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With Terry Francona’s Return to Boston, a Reminder of Vindication for Two Red Sox 'Scapegoats'

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COMMENTARY | It's funny how much one person can erase the pain of two completely isolated incidents.

When former manager Terry Francona returned to face the Boston Red Sox for the first time Thursday night, both parties couldn't help but be reminded of accomplishing the seemingly impossible together.

If Theo Epstein was the engineer of one of the greatest runs in Red Sox history, Francona was its conductor, guiding the franchise to its first World Series in 86 years. That victory less than a decade ago vindicated two different men whose only commonalities were being employed by the Red Sox and directly causing them to fail where Francona flourished.

Bill Buckner infamously--and single handily, depending on who you ask--blew Game 6 of the 1986 World Series against the New York Mets. The image of a routine grounder rolling through his legs in the bottom of the 10th has become unfortunately iconic in Red Sox lore.

It didn't matter that closer Calvin Schiraldi blew the lead two innings earlier, or that Game 7 was still to be played. As far as Sox fans were concerned, Bill Buckner was the "Curse of the Bambino" embodied.

Seventeen years and an an 8-22 postseason record later, the Red Sox found themselves in a familiar spot against a team from New York, victory within their grasp. This time, however, the guilty party wasn't a player but the manager in charge--Grady Little.

Though Little's "achievement" was purely the result of a decision rather than a blunder, he received no less criticism for it. In Game 7 of the 2003 ALCS against the rival New York Yankees, Little left starter Pedro Martinez in the game well past his expiration date. The three-time Cy Young winner had convinced his manager that he still had something left in the tank despite throwing well over 100 pitches, a number where his skills diminished significantly.

Martinez would go on to allow three runs in the bottom of the 8th, and Aaron Boone's walk-off home run broke the hearts of an entire city just three innings later.

Both Buckner and Little have drawn the ire of Red Sox fans, with Buckner even receiving death threats and quite literally being run out of town. Little was mercilessly mocked in the media and around baseball. One minor league team went so far as to introduce "Grady Little bobble arm dolls"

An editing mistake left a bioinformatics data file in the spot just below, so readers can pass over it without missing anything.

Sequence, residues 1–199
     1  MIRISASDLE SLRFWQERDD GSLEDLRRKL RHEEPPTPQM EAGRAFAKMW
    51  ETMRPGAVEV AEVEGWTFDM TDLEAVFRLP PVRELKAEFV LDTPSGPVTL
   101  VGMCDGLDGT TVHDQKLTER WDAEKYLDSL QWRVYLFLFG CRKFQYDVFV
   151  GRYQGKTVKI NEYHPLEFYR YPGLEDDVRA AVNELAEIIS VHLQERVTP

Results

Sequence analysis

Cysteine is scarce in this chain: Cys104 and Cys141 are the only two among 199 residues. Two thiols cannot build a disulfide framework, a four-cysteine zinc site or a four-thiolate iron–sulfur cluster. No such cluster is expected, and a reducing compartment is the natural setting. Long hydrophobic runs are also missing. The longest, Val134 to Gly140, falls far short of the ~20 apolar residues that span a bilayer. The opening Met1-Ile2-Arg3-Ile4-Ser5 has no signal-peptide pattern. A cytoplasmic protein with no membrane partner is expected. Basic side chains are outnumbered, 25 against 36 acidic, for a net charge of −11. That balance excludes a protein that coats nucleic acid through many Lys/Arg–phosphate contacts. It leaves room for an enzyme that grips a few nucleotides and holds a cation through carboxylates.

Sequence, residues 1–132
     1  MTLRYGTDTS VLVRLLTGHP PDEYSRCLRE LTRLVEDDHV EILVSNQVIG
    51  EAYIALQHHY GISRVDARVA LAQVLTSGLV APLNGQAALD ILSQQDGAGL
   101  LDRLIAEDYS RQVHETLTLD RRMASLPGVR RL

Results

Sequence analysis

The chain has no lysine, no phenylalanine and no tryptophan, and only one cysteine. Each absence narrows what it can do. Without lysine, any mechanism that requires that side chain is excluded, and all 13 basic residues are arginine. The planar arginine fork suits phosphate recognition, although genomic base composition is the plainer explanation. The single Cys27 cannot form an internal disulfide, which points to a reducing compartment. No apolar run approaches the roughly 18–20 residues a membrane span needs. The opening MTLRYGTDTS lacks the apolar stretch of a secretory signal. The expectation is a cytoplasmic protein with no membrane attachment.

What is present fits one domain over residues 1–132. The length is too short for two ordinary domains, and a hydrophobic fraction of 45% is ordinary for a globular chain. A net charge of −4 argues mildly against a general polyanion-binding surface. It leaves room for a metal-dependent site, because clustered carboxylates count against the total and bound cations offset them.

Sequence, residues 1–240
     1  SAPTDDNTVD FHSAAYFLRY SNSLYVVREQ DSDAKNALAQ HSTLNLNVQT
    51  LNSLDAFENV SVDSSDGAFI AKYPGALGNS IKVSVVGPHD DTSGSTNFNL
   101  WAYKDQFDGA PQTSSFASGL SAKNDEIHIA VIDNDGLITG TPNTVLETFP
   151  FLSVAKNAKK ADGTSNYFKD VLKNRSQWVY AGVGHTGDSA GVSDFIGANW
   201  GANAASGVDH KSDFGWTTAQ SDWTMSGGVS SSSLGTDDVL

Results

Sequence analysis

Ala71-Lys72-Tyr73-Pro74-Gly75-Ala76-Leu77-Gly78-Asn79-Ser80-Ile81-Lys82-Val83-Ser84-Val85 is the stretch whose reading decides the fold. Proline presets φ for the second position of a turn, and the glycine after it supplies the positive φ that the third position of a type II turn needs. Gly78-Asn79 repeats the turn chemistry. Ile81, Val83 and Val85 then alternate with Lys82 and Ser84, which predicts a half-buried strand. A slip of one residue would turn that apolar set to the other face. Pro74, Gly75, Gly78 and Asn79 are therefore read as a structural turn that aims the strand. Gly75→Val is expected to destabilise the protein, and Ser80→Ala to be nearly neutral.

But Francona's march to a title in 2004 helped heal the hurt. 86 years of suffering had ended, and fans had little reason to hold contempt for either man.

As evidenced by the nearly four-minute standing ovation he got after throwing out the first pitch in the 2008 home-opener, Buckner was eventually forgiven.

And he forgave the hatred. "I really had to forgive, not the fans of Boston, per se, but I would have to say in my heart I had to forgive the media," Buckner said. "For what they put me and my family through. So, you know, I've done that and I'm over that."

It didn't hurt that the team was raising its second World Series banner in four seasons that day.

While the Red Sox and Little haven't "officially" made up, they did invite him to Fenway Park's 100th anniversary celebration last year. Fans seem to harbor no ill will towards him, but Little cannot be blamed for his apprehensiveness after the way he was eviscerated in the media and humiliated on his way out of the city.

Prior to 2004, Buckner and Little may have been considered among the biggest goats in Red Sox history, if not Boston sports. With both absolved following 2004, fans can enjoy the more positive memories in franchise history rather than relive the negatives. Buckner was a talented hitter, twice recording over 100 RBI for Boston while Little's two-year tenure saw the team win a combined 188 games.

In a different world, both men could have been beloved through the years rather than labeled the "scapegoats" that they had been. Thanks to Francona--though he may not be with the team anymore--we may now be in that different world.

Andrew Luistro has followed the Red Sox for over 20 years. He also writes for the Sunbelt Hockey Journal.

Follow him on Twitter @ndrewL7.

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